The University will expand access to the unapproved meningitis vaccine Bexsero to include University-affiliated individuals under 30 years of age who are in intimate relationships with students.
The decision was made after ongoing discussion within the University in consultation with the Centers for Disease Control and Prevention, University spokesperson Martin Mbugua said. The announcement was made in an email to all undergraduate students on Thursday afternoon.
Mbugua added that the discussion was ongoing before a Drexel student died of meningitis type B roughly a month ago after reportedly coming into close contact with University students. He said that the decision was not related to the incident.
He added that the decision was made because the people who fit the criteria are the ones most at risk of being in contact with students who could be carriers of the bacteria.
Jason McDonald, a spokesperson for the CDC, explained that while the CDC was consulted about the administration of the vaccine, most of the details were discussed within the University, or between the University and the manufacturer.
“Now that the populations identified by the [CDC] as being at an increased risk of getting meningitis have been offered two doses of the meningitis B vaccine, the CDC is allowing Princeton University to expand the eligible population in order to distribute some of the remaining doses,” an email sent to students Thursday afternoon read.
Joseph Amon, a visiting lecturer at the University and a a former epidemic intelligence officer for the CDC, explained that he thinks the decision was made in order to efficiently use the resources available to the University. He added that he believes that the University made the right decision in determining the eligibility of the recipients, but wondered whether the vaccine could have been administered earlier.
“I think there are certain questions. Should the group have been targeted sooner, possibly? Should there be a wider group of people targeted? You know, I don’t think so. I don’t think the risk is high enough to open up vaccination of an entire community. There’s no evidence of transmission in this community at large, and so it seems like a smart thing to do. The question is, should it have been done sooner?” Amon explained.
Jason Schwartz ’03, a lecturer in the Center for Human Values who studies vaccine policy, added that it makes sense to expand the reach of the vaccine to the eligible individuals but questioned why membership in the University community is one of the criteria.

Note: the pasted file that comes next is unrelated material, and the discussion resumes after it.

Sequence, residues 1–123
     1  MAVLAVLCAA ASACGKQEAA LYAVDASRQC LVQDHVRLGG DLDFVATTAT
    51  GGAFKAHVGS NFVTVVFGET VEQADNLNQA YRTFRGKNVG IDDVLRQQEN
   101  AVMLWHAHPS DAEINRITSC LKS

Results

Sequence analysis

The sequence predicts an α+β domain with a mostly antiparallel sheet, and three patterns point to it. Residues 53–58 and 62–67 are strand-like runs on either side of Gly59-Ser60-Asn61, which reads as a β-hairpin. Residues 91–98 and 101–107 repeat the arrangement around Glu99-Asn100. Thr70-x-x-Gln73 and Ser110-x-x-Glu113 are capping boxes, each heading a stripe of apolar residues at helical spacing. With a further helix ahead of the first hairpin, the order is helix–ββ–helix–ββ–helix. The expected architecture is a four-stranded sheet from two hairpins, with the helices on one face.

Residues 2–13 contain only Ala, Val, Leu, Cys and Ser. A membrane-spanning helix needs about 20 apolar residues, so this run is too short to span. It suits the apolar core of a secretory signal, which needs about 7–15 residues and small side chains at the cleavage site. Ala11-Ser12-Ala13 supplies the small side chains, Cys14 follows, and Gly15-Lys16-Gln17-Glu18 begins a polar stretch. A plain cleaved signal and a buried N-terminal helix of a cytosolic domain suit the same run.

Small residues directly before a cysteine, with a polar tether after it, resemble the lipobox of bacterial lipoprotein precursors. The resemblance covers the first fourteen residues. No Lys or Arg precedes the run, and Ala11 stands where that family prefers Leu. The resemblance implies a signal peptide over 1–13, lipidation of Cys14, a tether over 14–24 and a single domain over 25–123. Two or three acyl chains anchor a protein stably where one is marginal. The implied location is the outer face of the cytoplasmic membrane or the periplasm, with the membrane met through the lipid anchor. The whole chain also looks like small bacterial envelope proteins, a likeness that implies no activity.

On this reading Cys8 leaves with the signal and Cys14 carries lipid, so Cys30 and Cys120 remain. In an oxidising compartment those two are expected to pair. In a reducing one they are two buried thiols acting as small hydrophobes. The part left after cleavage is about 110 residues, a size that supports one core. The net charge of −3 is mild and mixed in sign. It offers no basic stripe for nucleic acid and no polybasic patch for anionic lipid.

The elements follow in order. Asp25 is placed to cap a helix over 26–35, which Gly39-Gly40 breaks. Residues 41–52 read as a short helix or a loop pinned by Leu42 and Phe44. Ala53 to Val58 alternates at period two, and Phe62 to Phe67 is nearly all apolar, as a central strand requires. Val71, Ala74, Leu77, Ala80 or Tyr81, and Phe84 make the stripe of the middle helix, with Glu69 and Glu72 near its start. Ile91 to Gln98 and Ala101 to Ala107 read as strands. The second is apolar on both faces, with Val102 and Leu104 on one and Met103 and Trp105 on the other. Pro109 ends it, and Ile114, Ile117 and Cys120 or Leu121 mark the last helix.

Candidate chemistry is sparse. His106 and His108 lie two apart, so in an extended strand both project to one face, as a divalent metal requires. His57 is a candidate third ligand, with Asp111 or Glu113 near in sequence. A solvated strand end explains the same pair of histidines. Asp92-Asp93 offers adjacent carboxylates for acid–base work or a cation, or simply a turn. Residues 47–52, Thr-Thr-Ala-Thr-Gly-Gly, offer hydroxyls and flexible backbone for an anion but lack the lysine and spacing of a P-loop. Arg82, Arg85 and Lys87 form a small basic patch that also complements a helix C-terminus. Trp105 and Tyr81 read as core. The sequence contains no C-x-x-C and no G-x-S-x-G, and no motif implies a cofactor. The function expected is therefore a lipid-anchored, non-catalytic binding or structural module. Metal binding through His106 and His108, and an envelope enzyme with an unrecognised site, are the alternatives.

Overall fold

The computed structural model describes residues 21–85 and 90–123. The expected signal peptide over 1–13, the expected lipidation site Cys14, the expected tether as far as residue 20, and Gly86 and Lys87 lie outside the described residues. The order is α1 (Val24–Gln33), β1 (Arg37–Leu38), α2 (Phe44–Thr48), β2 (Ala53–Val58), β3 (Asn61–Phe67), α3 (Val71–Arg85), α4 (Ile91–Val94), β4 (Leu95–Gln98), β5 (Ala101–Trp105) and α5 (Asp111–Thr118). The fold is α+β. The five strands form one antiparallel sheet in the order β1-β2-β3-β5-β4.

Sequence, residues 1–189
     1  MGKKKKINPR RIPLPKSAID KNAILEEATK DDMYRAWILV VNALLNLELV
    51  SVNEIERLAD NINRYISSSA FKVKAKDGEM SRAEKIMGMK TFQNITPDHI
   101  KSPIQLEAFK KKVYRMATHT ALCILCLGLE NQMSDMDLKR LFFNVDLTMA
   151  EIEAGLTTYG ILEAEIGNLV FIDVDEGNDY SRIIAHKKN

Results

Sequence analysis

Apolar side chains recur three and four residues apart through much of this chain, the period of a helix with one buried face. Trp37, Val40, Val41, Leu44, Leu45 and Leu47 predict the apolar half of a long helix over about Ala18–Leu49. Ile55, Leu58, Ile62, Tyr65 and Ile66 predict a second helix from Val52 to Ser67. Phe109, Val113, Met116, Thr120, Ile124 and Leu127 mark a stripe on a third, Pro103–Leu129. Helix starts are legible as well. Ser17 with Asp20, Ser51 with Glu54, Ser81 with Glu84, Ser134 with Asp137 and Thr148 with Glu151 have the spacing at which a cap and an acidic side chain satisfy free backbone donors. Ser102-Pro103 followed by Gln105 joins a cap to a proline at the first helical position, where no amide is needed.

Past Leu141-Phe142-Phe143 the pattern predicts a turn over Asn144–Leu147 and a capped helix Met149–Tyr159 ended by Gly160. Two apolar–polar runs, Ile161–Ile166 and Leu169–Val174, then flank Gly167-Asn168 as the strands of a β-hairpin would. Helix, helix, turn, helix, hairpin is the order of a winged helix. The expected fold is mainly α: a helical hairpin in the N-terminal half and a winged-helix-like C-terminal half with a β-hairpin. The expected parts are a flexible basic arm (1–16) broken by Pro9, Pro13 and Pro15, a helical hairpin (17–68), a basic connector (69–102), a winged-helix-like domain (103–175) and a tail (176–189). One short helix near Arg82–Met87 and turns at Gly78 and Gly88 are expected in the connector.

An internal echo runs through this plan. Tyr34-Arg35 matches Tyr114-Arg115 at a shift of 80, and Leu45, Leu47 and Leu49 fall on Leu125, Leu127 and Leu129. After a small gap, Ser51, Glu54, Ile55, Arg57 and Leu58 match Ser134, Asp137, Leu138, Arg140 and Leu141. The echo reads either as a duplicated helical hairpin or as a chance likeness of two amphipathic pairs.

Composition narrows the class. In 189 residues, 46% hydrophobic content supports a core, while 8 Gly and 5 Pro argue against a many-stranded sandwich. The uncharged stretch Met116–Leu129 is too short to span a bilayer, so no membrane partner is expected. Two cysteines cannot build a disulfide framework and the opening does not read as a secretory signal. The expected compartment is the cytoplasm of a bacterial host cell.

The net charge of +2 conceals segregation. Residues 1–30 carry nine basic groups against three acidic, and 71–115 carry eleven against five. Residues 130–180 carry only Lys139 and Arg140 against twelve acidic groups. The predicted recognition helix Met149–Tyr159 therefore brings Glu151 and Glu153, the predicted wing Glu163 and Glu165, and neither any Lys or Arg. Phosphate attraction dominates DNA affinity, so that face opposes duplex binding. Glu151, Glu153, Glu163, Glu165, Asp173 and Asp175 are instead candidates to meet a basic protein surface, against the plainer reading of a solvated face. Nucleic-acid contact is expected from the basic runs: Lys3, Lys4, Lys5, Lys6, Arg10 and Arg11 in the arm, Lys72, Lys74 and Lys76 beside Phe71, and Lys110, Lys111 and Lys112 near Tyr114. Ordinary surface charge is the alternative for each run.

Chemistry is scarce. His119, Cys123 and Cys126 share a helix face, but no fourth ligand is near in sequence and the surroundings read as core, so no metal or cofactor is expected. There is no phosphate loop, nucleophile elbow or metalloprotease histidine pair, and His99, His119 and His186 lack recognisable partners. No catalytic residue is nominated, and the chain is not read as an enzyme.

“There’s no doubt that expanding access to the vaccine outside the University would have significant logistical and administrative challenges, but that in itself can’t be sufficient to prevent the vaccine from being provided to those who would otherwise benefit,” he explained.
However, Schwartz added that it wasn’t necessarily the University’s responsibility to provide access, but rather a responsibility of the overall public health community.
Mbugua explained that the remaining doses of the vaccine are sufficient to cover all eligible individuals under the new set of criteria and added that there was no plan so far in the event that there are doses left over after both rounds of vaccination.
In order to be eligible for the vaccine, individuals must be members of the University community, under 30 years of age, in an intimate relationship with a student previously eligible to receive the vaccine and planning to remain on or near campus for 30 days after receiving each of the first and second doses of the vaccine.
Individuals in close contact with students who are not a part of the University community will not be eligible to receive the vaccine, according to the email.
The application form requests that applicants “briefly describe the close contact” they have with previously eligible students.
Previously eligible students include all undergraduate students and graduate students living in dormitories, the Graduate College or annexes.
The two doses of the vaccine will be made available on April 28-29 and on May 29.
The University has also decided to cancel overnight stays for admitted students during both Preview weekends this month in order to limit the possibility of contracting meningitis from close contact with current undergraduates.
Staff writer Chitra Marti contributed reporting.
Correction: Due to a reporting error, an earlier version of this article did not accurately state the kind of meningitis that has affected the Princeton campus. This kind of meningitis is bacterial.